A Answers (4)
The link between nutrition and acne is still controversial, and many medical studies are still to be done on the subject. But this much is scientifically proven: chocolate has gotten a bad rap as the instigator of pimple production. It has been proven that chocolate does not cause or aggravate the condition. The consequences of eating lots of junk food are less clear. Quite a few studies have shown that eating high-fat diets can increase sebaceous output. Other research has found that dairy products set off acne (perhaps by triggering testosterone to activate the sebaceous glands). A recent study published in the Journal of the American Academy of Dermatology found that adolescent boys with acne who ate a diet high in carbohydrates and processed foods showed no improvement in their complexions. The boys put on a healthy diet showed a substantial clearing of their acne. (The bonus: the high-protein, low-glycemic group also lost weight). Apparently, high-glycemic- index carbohydrates (stuff like pizza and cookies that are quickly converted into glucose) raise the blood sugar level, followed by a release of insulin and androgen hormones (the ones that signal the sebaceous glands to go for broke).
So it may make sense to stay away from dairy products such as milk and ice cream, as well as processed foods with a high carbohydrate and sugar content. Sounds like a teenager's worst nightmare. Again, eating in moderation is the key -- if it's possible with chocolate.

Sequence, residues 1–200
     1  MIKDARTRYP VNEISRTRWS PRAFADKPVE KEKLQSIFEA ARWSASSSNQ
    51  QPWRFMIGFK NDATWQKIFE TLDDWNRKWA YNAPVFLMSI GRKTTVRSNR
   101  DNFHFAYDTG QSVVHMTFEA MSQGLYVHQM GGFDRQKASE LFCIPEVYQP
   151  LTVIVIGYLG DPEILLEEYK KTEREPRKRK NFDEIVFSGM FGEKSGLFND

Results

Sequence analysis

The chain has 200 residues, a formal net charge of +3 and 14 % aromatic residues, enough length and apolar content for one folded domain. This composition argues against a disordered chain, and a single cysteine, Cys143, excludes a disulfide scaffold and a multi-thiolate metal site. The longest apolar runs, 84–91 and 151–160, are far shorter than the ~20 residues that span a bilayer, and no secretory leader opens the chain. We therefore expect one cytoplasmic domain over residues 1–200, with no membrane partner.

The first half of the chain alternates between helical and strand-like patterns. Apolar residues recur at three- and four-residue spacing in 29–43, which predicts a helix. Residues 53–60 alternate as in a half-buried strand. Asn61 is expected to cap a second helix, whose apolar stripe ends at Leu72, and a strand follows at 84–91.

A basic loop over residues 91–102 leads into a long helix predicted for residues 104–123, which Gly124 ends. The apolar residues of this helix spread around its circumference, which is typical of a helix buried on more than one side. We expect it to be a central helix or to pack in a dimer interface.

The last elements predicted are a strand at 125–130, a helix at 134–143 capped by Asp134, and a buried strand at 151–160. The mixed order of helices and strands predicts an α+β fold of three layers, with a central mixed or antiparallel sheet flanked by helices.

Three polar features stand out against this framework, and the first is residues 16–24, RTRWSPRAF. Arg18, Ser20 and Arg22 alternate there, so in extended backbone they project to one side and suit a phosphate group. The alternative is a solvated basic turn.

The diet-acne relationship is controversial, but there is some evidence that foods with a high glycemic index can cause acne. One recent study did show that dark chocolate was associated with a worsening of acne in boys. More studies need to be done to better understand this relationship. While you can't say 100% that bad-for-you food causes breakouts, your mother may not be totally wrong!
Many people blame junk food for their acne, but this is a misconception -- the truth is that acne results from a number of factors, including hormonal changes and genetic predisposition.
Sweets are thought to cause acne, but is chocolate one of them?
Watch the videos to find out from Dr. Oz if eating chocolate causes acne.
This content reflects information from various individuals and organizations and may offer alternative or opposing points of view. It should not be used for medical advice, diagnosis or treatment. As always, you should consult with your healthcare provider about your specific health needs.